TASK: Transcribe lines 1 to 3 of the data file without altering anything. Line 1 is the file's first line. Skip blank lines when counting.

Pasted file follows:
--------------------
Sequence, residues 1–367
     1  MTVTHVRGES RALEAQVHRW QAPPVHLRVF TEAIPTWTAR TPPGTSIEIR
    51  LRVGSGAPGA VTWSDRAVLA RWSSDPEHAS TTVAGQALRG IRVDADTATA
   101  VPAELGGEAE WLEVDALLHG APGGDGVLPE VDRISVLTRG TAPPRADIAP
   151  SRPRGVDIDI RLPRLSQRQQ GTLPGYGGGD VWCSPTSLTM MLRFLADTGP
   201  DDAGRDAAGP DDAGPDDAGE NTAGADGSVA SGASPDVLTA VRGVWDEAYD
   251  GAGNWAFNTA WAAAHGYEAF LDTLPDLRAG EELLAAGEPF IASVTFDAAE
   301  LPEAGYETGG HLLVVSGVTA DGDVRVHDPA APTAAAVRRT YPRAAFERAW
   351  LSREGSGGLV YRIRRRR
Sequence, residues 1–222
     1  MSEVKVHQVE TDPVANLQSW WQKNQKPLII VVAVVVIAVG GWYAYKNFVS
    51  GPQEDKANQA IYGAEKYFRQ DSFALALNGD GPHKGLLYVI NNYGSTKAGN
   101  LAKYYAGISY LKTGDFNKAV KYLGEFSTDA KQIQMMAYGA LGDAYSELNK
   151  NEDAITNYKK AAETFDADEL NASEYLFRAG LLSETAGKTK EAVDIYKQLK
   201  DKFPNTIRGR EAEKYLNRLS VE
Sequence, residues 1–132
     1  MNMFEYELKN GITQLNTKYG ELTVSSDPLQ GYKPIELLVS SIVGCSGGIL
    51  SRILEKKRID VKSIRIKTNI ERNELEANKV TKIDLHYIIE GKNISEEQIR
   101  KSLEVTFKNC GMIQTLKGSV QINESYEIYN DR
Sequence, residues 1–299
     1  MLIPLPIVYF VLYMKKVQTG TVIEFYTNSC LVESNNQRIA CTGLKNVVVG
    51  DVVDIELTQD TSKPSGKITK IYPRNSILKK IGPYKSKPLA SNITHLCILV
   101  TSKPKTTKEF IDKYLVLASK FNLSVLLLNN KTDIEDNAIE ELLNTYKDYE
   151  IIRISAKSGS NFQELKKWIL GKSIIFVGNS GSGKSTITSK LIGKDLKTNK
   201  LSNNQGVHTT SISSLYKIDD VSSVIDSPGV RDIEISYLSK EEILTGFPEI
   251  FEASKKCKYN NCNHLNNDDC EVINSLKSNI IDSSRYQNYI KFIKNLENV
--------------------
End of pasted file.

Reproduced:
Sequence, residues 1–367
     1  MTVTHVRGES RALEAQVHRW QAPPVHLRVF TEAIPTWTAR TPPGTSIEIR
    51  LRVGSGAPGA VTWSDRAVLA RWSSDPEHAS TTVAGQALRG IRVDADTATA